Fiction

Fiction

Don Quixote is the best book out there on political theory, followed by Hamlet and Macbeth. There is no better way to understand the tragedy and the comedy of the Mexican political system than Hamlet, Macbeth and Don Quixote. They're much better than any column of political analysis.

Subcomandante Marcos

Trouble In Store
Saturday, 28 January 2017 18:41

Trouble In Store

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When we see rough sleepers on our city streets we feel instinctively that something urgently needs to be done. Yet how far can our compassion stretch? What motivates some individuals to take action? How does it feel to be on the receiving end of compassion? This short story by Dermot…
Times Change
Tuesday, 03 January 2017 22:18

Times Change

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Paul Simon reviews John Ellison's debut novel. Times Change really shouldn’t be such a satisfying read. John Ellison’s debut novel contains so many of those elements that singularly, leave alone collectively, ought to kill off any work of fiction before the end of the first chapter. Not so. Set over the…
End of Thrones
K2_PUBLISHED_ON Monday, 12 December 2016 15:09

End of Thrones

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Tony McKenna argues that the historical necessity embedded in the story and characters of Game of Thrones means that there is only one way it can end. Winter is coming, for Game of Thrones is now approaching its denouement with the penultimate series scheduled for next year and the final one…
K2_PUBLISHED_ON Saturday, 29 October 2016 15:24

The Handsworth Times

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Paul Simon reviews a novel set in 1980s Handsworth, at the time of the riots. This novel by Sharon Duggal of life in early-1980s working-class Birmingham during the time of inner-city rioting is defined by the greater and lesser griefs of the Agarwal family.Through their voices, the wonderful cussedness of…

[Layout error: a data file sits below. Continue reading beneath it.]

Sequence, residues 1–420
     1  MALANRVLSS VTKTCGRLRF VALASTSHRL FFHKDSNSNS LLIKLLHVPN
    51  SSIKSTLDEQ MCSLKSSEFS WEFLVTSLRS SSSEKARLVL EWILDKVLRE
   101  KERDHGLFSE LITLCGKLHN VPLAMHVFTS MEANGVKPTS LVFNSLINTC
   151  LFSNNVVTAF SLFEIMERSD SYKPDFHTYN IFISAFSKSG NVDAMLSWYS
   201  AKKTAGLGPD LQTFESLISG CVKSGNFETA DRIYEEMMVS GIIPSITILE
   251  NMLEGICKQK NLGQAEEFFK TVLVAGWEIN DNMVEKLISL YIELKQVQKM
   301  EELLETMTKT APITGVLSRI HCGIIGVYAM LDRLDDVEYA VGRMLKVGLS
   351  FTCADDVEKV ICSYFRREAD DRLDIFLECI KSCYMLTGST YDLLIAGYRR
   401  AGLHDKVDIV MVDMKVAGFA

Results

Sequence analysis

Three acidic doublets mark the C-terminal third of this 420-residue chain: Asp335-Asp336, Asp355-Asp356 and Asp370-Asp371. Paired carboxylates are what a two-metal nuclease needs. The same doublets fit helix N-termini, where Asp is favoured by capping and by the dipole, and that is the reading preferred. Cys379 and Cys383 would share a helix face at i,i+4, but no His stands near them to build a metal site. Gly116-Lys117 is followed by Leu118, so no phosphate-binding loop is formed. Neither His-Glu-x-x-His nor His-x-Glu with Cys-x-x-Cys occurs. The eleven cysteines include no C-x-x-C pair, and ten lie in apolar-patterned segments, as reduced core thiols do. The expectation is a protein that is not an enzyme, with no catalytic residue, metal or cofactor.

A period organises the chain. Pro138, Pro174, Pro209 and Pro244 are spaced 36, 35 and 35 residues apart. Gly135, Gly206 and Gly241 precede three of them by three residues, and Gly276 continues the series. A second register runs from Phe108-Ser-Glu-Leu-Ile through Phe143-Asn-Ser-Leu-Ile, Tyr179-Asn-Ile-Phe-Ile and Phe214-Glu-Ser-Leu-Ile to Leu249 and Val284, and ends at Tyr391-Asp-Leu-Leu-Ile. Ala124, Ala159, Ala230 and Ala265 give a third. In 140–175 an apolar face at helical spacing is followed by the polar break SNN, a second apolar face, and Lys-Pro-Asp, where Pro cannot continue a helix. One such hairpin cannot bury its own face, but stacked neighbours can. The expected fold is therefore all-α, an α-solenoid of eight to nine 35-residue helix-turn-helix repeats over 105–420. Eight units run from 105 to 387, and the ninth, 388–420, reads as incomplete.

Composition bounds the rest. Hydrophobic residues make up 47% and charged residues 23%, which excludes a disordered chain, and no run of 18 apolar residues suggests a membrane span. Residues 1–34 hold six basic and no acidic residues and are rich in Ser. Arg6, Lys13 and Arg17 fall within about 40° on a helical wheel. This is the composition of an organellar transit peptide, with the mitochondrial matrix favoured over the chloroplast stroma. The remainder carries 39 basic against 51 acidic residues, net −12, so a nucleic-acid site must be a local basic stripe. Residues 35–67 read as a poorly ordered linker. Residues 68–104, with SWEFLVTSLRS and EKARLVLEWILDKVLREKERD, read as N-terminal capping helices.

K2_PUBLISHED_ON Tuesday, 11 October 2016 14:46

Animal Farm: a powerfully written allegory but an untruthful, gender-blind analysis

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Following her appearance on the In Our Time radio programme discussing Orwell's Animal Farm, Professor Mary Vincent reflects on its powerfully written but fundamentally untruthful and simplistic analysis of Soviet Russia, based on Orwell's mistaken interpretation of the Spanish Civil War and his blindness to gender issues. When I picked…
K2_PUBLISHED_ON Tuesday, 11 October 2016 14:43

Communism in the gunsights

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Graham Stevenson reviews the recent In Our Time radio programme about George Orwell's Animal Farm. Melvyn Bragg's discursive radio series, In Our Time, recently considered Orwell's Animal Farm with comment from Steven Connor, Grace 2 Professor of English at the University of Cambridge, Mary Vincent, Professor of Modern European History…
The child colonisers: fanfiction and young people’s reading power
Wednesday, 31 August 2016 09:38

The child colonisers: fanfiction and young people’s reading power

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Dr. Lucy Pearson explores the radical potential of fanfiction for young readers and other marginalised groups, especially in a media environment which is still focused on the needs and desires of men. Children’s books are not written by children. At least, not usually: a glance at the children’s bestseller lists…
Reactionaries and Revolutionaries: Classical Fairy Tales and Class
Sunday, 19 June 2016 14:43

Reactionaries and Revolutionaries: Classical Fairy Tales and Class

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Professor Anne Duggan explores the history of classical fairy tales and their double-sided relationship with class, whereby they both 'evade and compensate for a dire social reality', and outlines some reconceptions of fairy tales which can work as 'builders of communism'. Beginning in the 1980s with the seminal studies of…
Yours for the Revolution: the life of Jack London
Thursday, 16 June 2016 15:50

Yours for the Revolution: the life of Jack London

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John Green introduces the life of Jack London. There is a hullabaloo around the quincentenary this year of Shakespeare’s death, but Jack London’s centenary appears to have been forgotten. Yet in his lifetime he became one of the world’s first celebrity writers, and is undoubtedly one of the great novelists…
Radical reading and radical writing: remaking children’s literature
Thursday, 12 May 2016 16:25

Radical reading and radical writing: remaking children’s literature

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Professor Kim Reynolds introduces radical children's literature, and says the time has come when children can become radical writers as well as radical readers.  Many people think of writing for children and young people as little more than a training ground for readers; something you pass through on the way to…
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